Same-sex marriage in the United States expanded from one state in to all fifty states in through various state court rulings, state legislation, direct popular votes, and federal court rulings. Same-sex marriage is also referred to as gay marriage , while the political status in which the marriages of same-sex couples and the marriages of opposite-sex couples are recognized as equal by the law is referred to as marriage equality. The fifty states each have separate marriage laws , which must adhere to rulings by the Supreme Court of the United States that recognize marriage as a fundamental right that is guaranteed by both the Due Process Clause and the Equal Protection Clause of the Fourteenth Amendment to the United States Constitution , as first established in the landmark civil rights case of Loving v. Civil rights campaigning in support of marriage without distinction as to sex or sexual orientation began in the s. Nelson saw the Supreme Court of the United States decline to become involved. Lewin that it was unconstitutional under the state constitution for the state to abridge marriage on the basis of sex. That ruling led to federal and state actions to explicitly abridge marriage on the basis of sex in order to prevent the marriages of same-sex couples from being recognized by law, the most prominent of which was the federal DOMA.
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Same-Sex Marriage Around the World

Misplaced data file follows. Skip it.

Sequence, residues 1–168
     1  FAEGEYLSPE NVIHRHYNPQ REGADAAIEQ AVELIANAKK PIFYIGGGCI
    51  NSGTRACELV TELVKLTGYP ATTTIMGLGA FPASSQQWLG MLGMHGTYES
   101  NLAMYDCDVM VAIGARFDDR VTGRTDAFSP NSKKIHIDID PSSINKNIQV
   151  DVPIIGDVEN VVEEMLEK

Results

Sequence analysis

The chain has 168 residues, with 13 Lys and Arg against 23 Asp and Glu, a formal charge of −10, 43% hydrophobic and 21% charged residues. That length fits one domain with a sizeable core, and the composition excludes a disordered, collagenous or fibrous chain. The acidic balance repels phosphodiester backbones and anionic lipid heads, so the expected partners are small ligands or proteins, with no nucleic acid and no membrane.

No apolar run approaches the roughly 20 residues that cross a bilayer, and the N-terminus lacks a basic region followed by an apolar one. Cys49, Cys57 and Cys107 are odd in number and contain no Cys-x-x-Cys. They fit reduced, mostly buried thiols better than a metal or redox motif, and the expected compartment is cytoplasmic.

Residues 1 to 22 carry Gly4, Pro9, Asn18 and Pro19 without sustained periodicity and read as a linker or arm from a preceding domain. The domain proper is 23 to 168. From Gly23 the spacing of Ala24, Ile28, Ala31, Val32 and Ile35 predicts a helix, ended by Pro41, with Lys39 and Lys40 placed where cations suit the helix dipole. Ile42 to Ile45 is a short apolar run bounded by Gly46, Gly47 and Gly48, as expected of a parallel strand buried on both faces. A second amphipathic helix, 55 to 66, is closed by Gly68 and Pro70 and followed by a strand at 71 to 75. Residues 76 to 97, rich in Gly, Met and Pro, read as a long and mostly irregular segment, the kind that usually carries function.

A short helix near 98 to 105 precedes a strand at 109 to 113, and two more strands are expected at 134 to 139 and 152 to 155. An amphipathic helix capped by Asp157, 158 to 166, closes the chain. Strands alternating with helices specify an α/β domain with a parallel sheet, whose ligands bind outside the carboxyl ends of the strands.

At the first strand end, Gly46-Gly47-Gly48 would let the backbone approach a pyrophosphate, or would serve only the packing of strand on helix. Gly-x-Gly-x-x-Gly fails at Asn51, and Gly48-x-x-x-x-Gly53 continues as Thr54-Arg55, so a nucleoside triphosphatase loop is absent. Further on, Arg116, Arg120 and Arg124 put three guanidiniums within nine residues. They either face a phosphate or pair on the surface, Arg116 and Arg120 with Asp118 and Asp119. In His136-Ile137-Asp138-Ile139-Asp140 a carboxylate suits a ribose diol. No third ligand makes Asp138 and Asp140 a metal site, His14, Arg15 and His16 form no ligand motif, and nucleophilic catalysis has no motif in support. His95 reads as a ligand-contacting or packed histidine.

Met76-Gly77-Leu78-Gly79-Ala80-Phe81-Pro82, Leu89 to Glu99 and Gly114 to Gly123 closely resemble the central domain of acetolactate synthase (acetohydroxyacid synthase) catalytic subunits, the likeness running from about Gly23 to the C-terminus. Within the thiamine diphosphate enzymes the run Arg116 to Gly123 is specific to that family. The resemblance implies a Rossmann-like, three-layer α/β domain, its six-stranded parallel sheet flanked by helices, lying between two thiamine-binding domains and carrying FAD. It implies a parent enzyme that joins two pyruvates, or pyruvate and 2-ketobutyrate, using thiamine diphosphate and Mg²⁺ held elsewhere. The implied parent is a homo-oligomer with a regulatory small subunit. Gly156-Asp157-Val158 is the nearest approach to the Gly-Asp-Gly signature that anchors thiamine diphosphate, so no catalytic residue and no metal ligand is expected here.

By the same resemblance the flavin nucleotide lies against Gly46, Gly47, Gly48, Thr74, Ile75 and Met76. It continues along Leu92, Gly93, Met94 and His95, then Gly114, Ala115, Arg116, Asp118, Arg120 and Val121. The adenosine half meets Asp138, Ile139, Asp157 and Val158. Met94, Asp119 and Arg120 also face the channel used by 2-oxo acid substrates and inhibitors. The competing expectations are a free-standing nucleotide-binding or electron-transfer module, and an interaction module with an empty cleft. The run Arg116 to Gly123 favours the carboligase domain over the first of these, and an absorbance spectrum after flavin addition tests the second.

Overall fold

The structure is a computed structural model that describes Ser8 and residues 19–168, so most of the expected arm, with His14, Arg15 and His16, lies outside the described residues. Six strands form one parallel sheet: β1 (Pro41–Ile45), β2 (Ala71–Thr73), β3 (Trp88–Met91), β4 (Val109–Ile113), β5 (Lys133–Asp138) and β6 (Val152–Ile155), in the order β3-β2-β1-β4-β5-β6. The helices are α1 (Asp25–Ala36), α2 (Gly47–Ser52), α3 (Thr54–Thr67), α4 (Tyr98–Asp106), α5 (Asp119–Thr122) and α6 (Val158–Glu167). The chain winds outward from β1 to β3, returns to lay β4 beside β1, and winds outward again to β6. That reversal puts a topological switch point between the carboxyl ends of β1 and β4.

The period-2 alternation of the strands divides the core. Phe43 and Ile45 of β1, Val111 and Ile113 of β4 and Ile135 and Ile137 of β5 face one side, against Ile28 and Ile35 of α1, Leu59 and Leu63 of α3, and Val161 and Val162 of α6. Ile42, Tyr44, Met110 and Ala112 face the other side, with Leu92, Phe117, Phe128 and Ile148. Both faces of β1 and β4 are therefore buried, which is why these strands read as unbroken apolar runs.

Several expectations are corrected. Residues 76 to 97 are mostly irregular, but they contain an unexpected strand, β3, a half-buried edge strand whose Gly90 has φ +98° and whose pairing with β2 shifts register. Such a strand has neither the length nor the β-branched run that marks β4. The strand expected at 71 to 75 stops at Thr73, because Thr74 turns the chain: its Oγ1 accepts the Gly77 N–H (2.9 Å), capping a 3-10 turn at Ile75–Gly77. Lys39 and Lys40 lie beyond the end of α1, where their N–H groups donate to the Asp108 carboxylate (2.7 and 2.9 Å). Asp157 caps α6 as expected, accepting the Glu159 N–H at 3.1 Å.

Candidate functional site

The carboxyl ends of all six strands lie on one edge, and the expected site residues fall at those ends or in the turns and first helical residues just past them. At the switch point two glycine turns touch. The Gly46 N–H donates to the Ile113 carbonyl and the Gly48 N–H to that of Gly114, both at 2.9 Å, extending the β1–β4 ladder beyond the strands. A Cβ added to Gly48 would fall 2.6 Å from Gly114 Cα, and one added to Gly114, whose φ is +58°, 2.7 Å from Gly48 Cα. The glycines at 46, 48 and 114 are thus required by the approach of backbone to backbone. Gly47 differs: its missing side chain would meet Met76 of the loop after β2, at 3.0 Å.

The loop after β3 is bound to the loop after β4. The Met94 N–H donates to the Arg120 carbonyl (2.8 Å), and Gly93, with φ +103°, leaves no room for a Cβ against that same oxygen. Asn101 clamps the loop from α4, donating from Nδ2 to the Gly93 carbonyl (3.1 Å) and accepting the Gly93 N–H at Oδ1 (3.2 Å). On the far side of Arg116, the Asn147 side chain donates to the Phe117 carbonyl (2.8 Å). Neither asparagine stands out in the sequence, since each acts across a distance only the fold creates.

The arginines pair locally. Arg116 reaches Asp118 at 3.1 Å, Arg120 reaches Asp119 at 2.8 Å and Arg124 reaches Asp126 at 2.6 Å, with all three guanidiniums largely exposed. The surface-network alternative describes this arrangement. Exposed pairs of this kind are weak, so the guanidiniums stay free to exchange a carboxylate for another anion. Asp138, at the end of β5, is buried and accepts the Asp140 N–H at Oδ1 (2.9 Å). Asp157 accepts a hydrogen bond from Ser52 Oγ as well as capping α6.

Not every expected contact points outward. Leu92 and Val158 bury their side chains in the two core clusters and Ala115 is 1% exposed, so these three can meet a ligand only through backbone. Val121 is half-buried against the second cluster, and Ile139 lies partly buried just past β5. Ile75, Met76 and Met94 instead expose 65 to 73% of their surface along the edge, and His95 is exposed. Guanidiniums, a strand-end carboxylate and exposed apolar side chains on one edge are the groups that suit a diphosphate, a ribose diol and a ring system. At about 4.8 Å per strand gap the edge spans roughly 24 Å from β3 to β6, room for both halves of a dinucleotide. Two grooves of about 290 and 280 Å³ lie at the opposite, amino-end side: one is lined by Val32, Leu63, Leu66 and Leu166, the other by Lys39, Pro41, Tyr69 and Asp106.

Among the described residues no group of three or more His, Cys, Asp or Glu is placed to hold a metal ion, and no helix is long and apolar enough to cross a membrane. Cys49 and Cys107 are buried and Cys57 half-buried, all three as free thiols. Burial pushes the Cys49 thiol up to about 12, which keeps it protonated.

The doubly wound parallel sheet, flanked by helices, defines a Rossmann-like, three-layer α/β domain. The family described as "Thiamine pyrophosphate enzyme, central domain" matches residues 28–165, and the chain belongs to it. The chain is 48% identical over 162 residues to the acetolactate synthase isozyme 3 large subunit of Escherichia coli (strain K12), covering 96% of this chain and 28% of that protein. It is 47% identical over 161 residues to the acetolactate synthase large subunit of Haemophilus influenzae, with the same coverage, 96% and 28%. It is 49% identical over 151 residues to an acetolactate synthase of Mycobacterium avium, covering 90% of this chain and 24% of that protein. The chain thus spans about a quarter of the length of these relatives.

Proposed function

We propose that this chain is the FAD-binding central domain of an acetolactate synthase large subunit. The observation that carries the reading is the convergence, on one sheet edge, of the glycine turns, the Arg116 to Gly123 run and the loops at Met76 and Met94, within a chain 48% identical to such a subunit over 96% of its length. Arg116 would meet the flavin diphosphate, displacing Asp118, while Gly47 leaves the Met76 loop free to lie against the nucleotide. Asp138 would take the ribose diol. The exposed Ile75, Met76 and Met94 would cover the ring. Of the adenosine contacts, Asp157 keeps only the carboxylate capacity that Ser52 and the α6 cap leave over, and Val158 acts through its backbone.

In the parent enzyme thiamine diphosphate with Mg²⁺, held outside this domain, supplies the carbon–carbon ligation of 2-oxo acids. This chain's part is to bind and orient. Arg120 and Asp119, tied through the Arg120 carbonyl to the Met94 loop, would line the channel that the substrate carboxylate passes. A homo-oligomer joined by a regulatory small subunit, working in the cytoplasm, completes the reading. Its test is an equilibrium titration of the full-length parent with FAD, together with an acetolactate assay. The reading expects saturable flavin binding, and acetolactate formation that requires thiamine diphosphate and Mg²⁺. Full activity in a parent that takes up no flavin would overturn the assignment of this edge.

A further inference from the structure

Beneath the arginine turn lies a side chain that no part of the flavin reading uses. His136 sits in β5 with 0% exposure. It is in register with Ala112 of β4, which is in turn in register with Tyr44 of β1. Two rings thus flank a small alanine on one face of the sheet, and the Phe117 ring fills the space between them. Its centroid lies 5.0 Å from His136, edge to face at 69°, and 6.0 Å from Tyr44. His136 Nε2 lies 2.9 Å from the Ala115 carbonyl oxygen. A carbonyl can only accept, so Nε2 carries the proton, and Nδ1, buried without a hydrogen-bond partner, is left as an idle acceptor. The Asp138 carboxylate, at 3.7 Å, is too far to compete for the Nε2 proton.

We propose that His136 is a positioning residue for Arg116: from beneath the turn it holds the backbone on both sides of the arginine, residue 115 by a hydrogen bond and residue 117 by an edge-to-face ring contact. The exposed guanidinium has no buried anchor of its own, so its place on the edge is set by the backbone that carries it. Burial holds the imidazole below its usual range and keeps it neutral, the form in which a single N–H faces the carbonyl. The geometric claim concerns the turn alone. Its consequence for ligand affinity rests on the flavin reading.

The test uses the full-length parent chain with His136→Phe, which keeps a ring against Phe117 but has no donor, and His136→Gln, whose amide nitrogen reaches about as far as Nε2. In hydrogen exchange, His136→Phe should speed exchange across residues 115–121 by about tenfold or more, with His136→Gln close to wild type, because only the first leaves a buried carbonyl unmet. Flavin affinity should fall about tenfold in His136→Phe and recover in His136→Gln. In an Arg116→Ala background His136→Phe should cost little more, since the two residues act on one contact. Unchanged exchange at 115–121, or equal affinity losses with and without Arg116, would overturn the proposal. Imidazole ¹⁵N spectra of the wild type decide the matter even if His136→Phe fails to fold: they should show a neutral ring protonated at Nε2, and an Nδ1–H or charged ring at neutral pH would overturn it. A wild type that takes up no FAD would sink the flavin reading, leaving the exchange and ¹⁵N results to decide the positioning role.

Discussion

A new study of evolving attitudes toward gay marriage across the U. The findings, published in PNAS , provide evidence that public policy can shape social norms and alter individuals' attitudes, says senior author Eric Hehman, a professor in McGill University's Department of Psychology. In , Massachusetts became the first U.
Same-sex marriage has been legalized in in twenty-seven countries, including the United States, and civil unions are recognized in many Western democracies. Yet same-sex marriage remains banned in many countries, and the expansion of broader lesbian, gay, bisexual and transgender LGBT rights has been uneven globally. International organizations, including the United Nations, have issued resolutions in support of LGBT rights, but human rights groups say these organizations have limited power to enforce these newly recognized rights. Civil Society. Javier Corrales, a professor at Amherst College who focuses on LGBT rights in Latin America, points to income levels and the influence of religion in politics, as well as the overall strength of democracy, to explain regional divergences [PDF].